I am currently (2016-2017) working on my dissertation research about learner agency (PDF presentation here):
Students' Perceptions of Their Learner Agency: A Phenomenographic Inquiry toThe Lived LearningExperiences of High School Seniors
This doctoral research project focused on the high school students’ learning experiences with a particular interest in understanding how they describe their learner agency incontemporary K-12 system. The data was collected with individual thematicinterviews and analyzed using the phenomenographic tradition, describingstudents' agency and choices for learning engagement within the structure of formal education.
Distinguishing learning experiencesfrom the experience of being taught is fundamental for understanding learner agency. Students' experiences of effort and authorship for learning, andtheir conceptions about engagement are important for learning to be personally meaningful.
Learning is fundamental, subjectivephenomenon, and an important part of being a human. We couldn't survivewithout the ability to learn and adapt to the environment where we live, workand learn. Human development doesn't end in adolescence, but continuesthroughout our lives. It is important to understand how formal educationshapes students' identities. This information is crucial for educators,who want to provide opportunities for students to engage in deeperlearning.
Furthermore, educational policiesshould aim to increase the meaningfulness of students’ subjective learning experiences in order to grow human and social capital during formal education. Students must be better prepared to thrive in knowledge societies where choicesare more abundant than in past. Simply emphasizing the reproductive purpose offormal education is not enough for preparing students for living in 21stcentury knowledge societies, where independent and life-long learning are the desiredend goals of formal education. This is one of the concerns my teachers have,when they talk about their work.
School learning is a special type of learning, even though we often refer to schooling while talking about learning, and keep on emphasizing teaching over learning. This must change,because students are the ones who need to own their learning, and teachers are there to help students to learn. The goal of formal education system is to help students to obtain information and construct knowledge, but also to become capable for independent judgment. Examples of situations where this judgment is important are reading comprehension, understanding scientific principles and being able to support one's opinion with facts.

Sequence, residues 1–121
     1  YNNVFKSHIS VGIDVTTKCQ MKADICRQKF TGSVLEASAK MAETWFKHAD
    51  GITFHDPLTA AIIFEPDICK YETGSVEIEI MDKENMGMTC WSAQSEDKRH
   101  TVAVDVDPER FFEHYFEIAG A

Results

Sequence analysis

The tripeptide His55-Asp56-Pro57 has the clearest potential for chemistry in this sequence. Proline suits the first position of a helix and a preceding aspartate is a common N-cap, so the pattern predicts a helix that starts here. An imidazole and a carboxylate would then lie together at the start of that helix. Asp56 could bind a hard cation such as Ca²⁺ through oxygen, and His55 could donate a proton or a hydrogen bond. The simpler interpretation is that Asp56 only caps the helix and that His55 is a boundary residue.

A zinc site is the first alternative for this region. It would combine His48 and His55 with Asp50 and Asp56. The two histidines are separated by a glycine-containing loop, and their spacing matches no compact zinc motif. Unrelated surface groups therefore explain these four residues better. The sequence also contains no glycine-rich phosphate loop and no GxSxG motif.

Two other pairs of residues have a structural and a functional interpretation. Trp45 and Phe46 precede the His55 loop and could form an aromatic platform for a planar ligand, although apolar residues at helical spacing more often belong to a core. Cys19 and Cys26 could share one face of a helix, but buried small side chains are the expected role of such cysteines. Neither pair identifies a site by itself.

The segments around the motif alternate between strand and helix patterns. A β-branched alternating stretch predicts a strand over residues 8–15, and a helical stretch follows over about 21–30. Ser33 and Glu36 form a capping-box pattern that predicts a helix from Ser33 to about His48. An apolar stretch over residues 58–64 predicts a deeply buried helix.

Agency in any given social situation refers to the intentionality of one's actions and the opportunities to make choices. Agency includes the aspect of time,as the continued engagement in the process of choosing combines one's actions in the past, present, and future. Our choices today often result from choices we made previously.
In the classroom environment learner agency denotes the quality of students' engagement. Agency is not something students have, it is something students do. Students may choose to engage in their own learning, or just strategically or ritually comply with the tasks and activities presented to them - and the big problem in schooling is this detachment or disengagement that results from students having no ownership over their own learning.
Learner agency requires for students' voice to be heard, so that they have ownership overt heir own learning. The first step is to make sure that students believe that their choices and actions will make a difference in their learning process. By supporting learner agency throughout the formal education it is possible to foster life-long learning, which is crucially important in the rapidly changing world.
Some sources used in the thesis:
Bandura, A. (2006). Toward a psychology of human agency. Perspectives on psychological science, 1(2), 164-180
Biesta, G., & Tedder, M. (2006).How is agency possible? Towards an ecological understanding of agency-as-achievement. University of Exeter School of Education and Lifelong Learning, Working Paper, 5.
Giddens, A. (1984). The construction of society: Outline of the theory of structuration. Lodge, C. (2008)Engaging student voice to improve pedagogy and learning: An exploration ofexamples of innovative pedagogical approaches for school improvement, International Journal of Pedagogies andLearning, (4)5, 4-19, doi: 10.5172/ ijpl.4.5.4
Marton, F., & Pong, W. Y. (2005). On the unit of description in phenomenography. Higher education research & development, 24(4), 335-348.
Marton, F., & Säljö, R. (1976). On Qualitative Differences in Learning: I—Outcome and process*. British journal of educational psychology, 46(1), 4-11.
Nevalainen,R., & Kimonen, E. (2013). The Teacher as an Implementer of CurriculumChange. In Transforming Teachers’ Work Globally (pp. 111-147).SensePublishers.
Niemi, R.,Kumpulainen, K., Lipponen, L., & Hilppö, J. (2014). Pupils' perspectives onthe lived pedagogy of the classroom. Education 3(13), 1-17. doi:10.1080/03004279.2013.859716
Priestley, M., Biesta,G., & Robinson, S. (2014). Teacher agency: what is it and why does it matter?.
Säljö, R. (2012). Schoolingand spaces for learning: Cultural dynamics and student sarticipation andagency. In E. Hjörne, G. van derAalsvoort, & G.de Abreu (Eds.). Learning,social interaction and diversity–exploring identities in school practices (pp.9-14). Rotterdam: SensePublishers
Trigwell,K., Prosser, M. & Ginns, P. (2005). Phenomenographic pedagogy and revised Approaches to teaching inventory. Higher Education Research &Development 24(4), 349-360.